And how much of that is just that we don't live in the moment, don't approach life with optimism and an open mind, don't (as my husband is fond of saying) "expect the best and prepare for the worst"?  But if we begin to take responsibility for those feelings, do we then also begin judging ourselves for our bad attitudes?  How do we get out of this cycle?  Somehow (and this is an echo of yesterday's post) we need to get in touch with the beloved within, that part of us that understands how much we are loved, how much we have been given, so that we can be more present and open to our surroundings.

Or we can listen to the wisdom of the Tao, quoted in my reading in A Path With Heart this morning:

I have just three things to teach:
simplicity, patience, compassion.
These three are your greatest treasures.
Simple in actions and in thoughts,
you return to the source of being.
Patient with both friends and enemies,
you accord with the way things are.
Compassionate toward yourself,
you reconcile all beings in the world.

Thus the wise man residing in the Tao
sets an example for all beings.
Because he doesn't display himself,
people can see his light.
Because he has nothing to prove,
people can trust his words.
Because he doesn't know who he is,
people recognize themselves in him.
Because he has no goal in mind,
everything he does succeeds.

Monday, October 11, 2010

Turning the picture upside down

"Kindness is based on a fundamental notion of self acceptance, rather than guilt, blame or shame for the ignorant acts we've committed or the fears that still remain within us... this self-acceptance is at least half of our spiritual practice.  We are asked to touch with mercy the many parts of ourselves that we have denied, cut off, or isolated."
  -- Jack Kornfield, A Path With Heart

I read this passage this morning, and thought how perfectly it turns all our pre-conceived Christian notions of self-sacrificing kindness upside down. Which is not to say this is a completely new concept: I'm sure I've mentioned before the words of the dear priest who counseled me through the painful ending of my first marriage -- "You can't pour out of an empty cup."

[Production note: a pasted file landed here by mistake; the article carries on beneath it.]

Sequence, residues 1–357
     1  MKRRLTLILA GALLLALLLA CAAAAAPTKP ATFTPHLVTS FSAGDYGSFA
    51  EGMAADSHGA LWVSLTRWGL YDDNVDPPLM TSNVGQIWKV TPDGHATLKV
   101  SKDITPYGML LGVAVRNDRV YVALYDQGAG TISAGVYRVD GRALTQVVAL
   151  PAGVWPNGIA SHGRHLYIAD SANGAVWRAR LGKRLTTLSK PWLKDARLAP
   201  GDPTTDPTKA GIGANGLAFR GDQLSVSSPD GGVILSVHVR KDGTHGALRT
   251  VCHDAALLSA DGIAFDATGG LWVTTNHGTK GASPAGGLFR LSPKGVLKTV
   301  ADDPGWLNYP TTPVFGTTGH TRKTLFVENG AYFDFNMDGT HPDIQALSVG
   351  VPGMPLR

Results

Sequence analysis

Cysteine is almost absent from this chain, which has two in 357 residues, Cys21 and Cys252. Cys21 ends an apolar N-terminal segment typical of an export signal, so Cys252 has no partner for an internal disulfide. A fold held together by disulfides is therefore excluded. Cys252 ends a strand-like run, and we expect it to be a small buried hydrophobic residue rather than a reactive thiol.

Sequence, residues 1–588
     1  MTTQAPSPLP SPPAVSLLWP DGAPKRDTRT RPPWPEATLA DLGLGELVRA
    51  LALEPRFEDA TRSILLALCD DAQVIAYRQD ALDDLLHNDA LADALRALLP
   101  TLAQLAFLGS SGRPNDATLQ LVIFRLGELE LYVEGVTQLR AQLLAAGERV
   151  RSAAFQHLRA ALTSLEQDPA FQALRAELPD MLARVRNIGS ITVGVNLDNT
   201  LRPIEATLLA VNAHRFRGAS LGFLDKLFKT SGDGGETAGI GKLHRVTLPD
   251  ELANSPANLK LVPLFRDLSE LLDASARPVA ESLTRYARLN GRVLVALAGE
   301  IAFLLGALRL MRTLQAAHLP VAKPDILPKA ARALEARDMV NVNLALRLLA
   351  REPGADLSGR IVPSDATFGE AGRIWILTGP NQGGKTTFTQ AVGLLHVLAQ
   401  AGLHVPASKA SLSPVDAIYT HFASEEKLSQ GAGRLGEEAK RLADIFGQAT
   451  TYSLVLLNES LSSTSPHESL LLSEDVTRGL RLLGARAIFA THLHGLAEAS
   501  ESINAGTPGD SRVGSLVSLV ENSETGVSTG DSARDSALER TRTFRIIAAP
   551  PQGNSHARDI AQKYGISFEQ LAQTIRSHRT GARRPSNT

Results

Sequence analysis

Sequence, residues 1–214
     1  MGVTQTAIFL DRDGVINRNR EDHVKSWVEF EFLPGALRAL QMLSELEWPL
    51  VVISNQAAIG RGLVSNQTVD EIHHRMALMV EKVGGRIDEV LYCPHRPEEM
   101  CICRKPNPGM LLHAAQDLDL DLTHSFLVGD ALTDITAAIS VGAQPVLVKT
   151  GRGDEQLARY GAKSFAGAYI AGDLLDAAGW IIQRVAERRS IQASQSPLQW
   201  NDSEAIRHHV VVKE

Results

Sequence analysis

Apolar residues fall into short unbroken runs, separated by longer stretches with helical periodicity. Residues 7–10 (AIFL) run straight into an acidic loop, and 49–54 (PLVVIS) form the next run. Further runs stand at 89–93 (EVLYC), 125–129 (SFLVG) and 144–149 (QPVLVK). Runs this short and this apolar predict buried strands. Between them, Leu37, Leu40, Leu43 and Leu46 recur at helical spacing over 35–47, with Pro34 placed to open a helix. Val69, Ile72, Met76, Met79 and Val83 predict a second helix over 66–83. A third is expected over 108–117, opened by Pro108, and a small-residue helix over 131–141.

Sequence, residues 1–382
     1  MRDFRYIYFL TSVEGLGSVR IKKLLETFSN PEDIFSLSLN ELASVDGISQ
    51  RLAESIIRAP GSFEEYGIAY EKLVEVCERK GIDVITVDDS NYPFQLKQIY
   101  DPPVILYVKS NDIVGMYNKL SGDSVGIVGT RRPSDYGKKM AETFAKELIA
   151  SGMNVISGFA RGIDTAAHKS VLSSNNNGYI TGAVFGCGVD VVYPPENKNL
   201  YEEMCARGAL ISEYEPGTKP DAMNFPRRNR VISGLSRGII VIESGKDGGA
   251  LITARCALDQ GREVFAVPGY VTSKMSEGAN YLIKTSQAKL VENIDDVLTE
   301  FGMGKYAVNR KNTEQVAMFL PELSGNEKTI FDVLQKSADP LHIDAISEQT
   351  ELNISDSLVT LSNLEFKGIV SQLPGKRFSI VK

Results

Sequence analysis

And one of my other favorite variations on that theme is that important admonition from the stewardesses on every plane flight: "Put the oxygen mask over your own face first."

But as I look at this quotation today, I begin to suspect that I may need to begin approaching this from another angle.  Yes, self-care is important; yes, it's good to be making sure I balance my time wisely and  keep my soul and body nourished.  And over the years I have gotten better at those things, and at asking for (and knowing) what I need.

But I'm thinking that a lot of the kindness I've seen and experienced over the years seems to flow out of the dark places in people's souls, and that that kindness seems often to be fueled by a sense of indebtedness, or out of a need for reparation for past sins, imagined or otherwise.  Which probably means -- given the human capacity for projection -- that my own kindnesses have also tended to flow from that space, which prevents me from even seeing the other types and sources of kindness -- which could in turn explain some of my trust issues?

What if we were to turn that whole picture upside down, and allow acceptance to flow into and embrace our own dark spaces (which we see in this picture goes against the natural gravitational pull) so that then, in transforming those dark places, the acceptance itself is also transformed, and flows naturally out again as a selfless, agenda-less kindness that offers itself to others free of expectation?

I think I may have caught myself giving out of that space over the course of this past weekend -- and I have to say it felt very different.  Clearer, somehow, and free-er.  Which is not to say I didn't run into the usual distasteful self-aggrandizing voices in my head -- I'm not perfect, after all!  But they were muted, and easily silenced, and the overwhelming feeling I had was of joy and gratitude that I was able to be there and speak on behalf of love.

It makes me think of Logion 108 from the Gospel of Thomas:

Yeshua says...

Whoever drinks what flows from my mouth
will come to be as I am
and I also will come to be as they are,
so that what is hidden will become manifest.

Somehow,  in learning to accept and love myself as God does, I open myself in a way that allows God's love and generosity to flow into and through me to others, further transforming me as it flows.  At least, that's what it feels like.  Eventually -- to paraphrase the title of a book I remember from my days working in a children's library -- "I'll get there -- and I suspect it'll be worth the trip!"

Sunday, October 10, 2010

Restoring our spiritual vision